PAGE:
Satellite navigation systems have come to affect countless aspects of our daily lives, from directing our holiday aeroplanes to enabling us to drive round an unfamiliar city without any map other than the one on our mobile phone. Most new cars sold today have an inbuilt Sat Nav and you can buy trackers relatively cheaply to enable you to track the whereabouts of your children and pets.
Some of the many Sat Nav Devices
I for one am heavily reliant on this technology to find my way from A to B. Although I enjoy using paper maps, they have the major limitation that they don’t tell you your current location!
If we also know that we are 35000 km from satellite B then our location must be on the ring of points where the two spheres intersect
If we also know that we are 21 000 km from satellite C then our location must be where the three spheres intersect. So it must be at either location x or location y.
Although there are two possible locations (x and y) only one of these will be at a sensible location on or near the surface of the Earth.
Because the GPS receiver does not have an accurate atomic clock it cannot know the current time as accurately as the GPS satellites. The clock on the GPS receiver will be fast or slow by a small fraction of a second. To get an accurate measure of the time taken for the signal to arrive, the clock on the GPS receiver must synchronise perfectly with the clocks on the GPS satellites. The way it gets around this is by using the time signal from a fourth satellite to work out the amount of time by the which the receiver is fast or slow. (The signal from the fourth satellite also confirms which of the possible locations (x and y) in the diagram above is correct)
Because the satellites are in space orbiting the Earth at 14 000 km/h, their atomic clocks run at slightly different speeds compared to atomic clocks on the Earth’s surface. There are two separate effects which work in opposite directions.
- Einstein’s theory of special relativity predicts that moving clocks run slow and means that the so the atomic clocks on the satellites should run at a slower rate than identical stationary clocks.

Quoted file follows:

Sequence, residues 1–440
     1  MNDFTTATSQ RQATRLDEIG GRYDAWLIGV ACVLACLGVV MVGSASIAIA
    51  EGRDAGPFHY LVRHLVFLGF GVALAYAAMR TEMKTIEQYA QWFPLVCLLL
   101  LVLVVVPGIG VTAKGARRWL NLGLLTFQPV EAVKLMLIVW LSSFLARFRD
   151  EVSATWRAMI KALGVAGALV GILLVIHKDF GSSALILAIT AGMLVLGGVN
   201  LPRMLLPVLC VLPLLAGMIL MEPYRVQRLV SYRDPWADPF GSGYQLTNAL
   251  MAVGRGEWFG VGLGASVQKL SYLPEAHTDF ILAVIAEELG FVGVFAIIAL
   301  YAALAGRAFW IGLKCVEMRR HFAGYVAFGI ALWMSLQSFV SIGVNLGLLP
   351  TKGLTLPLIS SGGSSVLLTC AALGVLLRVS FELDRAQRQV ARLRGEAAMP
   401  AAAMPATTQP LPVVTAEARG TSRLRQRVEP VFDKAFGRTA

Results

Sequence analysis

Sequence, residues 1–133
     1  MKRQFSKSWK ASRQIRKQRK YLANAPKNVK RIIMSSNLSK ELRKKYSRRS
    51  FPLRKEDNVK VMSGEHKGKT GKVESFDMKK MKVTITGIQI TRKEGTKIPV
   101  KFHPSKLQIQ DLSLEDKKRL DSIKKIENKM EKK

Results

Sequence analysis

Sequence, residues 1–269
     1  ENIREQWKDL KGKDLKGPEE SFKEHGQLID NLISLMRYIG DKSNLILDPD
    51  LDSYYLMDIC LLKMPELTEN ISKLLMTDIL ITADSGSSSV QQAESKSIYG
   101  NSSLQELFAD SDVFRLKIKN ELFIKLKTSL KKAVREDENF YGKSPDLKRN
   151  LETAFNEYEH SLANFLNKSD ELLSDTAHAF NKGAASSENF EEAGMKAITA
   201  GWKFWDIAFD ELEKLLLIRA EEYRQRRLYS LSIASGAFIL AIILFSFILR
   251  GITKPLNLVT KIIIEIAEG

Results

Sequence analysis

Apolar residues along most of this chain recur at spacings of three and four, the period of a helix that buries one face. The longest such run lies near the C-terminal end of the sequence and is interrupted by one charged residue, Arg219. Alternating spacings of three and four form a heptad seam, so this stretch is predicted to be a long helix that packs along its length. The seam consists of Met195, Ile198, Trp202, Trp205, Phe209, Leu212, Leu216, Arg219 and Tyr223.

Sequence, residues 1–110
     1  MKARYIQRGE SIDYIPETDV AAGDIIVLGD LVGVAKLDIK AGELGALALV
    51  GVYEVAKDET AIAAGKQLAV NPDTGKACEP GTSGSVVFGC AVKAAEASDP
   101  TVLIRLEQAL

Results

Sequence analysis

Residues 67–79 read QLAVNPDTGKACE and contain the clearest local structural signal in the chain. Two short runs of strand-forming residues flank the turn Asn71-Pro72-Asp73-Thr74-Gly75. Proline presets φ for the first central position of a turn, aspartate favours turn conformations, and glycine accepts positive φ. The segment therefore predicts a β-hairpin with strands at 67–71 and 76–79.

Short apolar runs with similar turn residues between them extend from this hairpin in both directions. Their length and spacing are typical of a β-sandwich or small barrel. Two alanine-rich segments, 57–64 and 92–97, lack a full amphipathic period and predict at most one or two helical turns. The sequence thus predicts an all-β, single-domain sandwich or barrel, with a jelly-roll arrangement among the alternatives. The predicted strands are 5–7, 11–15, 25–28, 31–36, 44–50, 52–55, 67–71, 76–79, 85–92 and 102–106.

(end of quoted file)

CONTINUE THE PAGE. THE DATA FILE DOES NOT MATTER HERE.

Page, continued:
- However, Einstein’s theory of general relativity tells us that clocks run more slowly in proximity to a massive object (in this case the Earth) so the atomic clocks on the satellites should run at a faster rate than identical clocks on the Earth’s surface.
Taken together, the two effects mean that time on a GPS satellite runs slightly faster than it does at the surface of the Earth at the incredibly small rate of just under 46 millionths of a second per day. Because of this GPS satellites’ atomic clocks need to be slowed down to keep them in step with atomic clocks on the surface of the Earth.
Limitations of Sat Nav
There are limitations to the accuracy of position provided by GPS (or indeed any Sat Nav system). One is that the speed of radio waves is not constant. Conditions in a region of the upper atmosphere, known as the ionosphere, can cause them to slow down slightly. This makes the time taken for the signal to arrive at the receiver slightly longer, implying that a satellite is further away than it actually is. Another factor is that large objects such as trees between the receiver and the GPS satellite may weaken the signal or even block it altogether.
An additional false signal can also be generated when a GPS signal is reflected off tall buildings. This effect, which is known as a multi-path error, is shown in the diagram below. The receiver receives two signals from the same satellite: a direct signal (the yellow line) and a reflected signal (the pink line). The two signals have travelled different distances, so the GPS receiver calculates two different distances to the same satellite. This can result in an incorrect distance if the wrong signal is chosen by the receiver. Alternatively, the two signals can interfere and cancel each other out so no signal is received.
Errors could also be caused by slight inaccuracies in the atomic clocks on the satellites or by the satellite making an error when calculating its own exact position. Nevertheless, even taking all these factors into account, a GPS receiver should be able to work out its position to an accuracy of within 10 metres. This, however, only applies to locations outdoors and above ground, as the signal cannot travel through buildings with thick walls.
Improving Sat Nav Accuracy
For non-civilian users, who need to know their position to greater precision Sat Nav can be augmented in a number of ways to provide better accuracy. For example, satellites transmit on multiple frequencies and more than one of these frequencies can be used. This is too large a topic to fit in this post, but if you want to know about one system, WAAS used by the US Federal Aviation Authority, please click on the link belowhttps://www.faa.gov/about/office_org/headquarters_offices/ato/service_units/techops/navservices/gnss/waas/howitworks/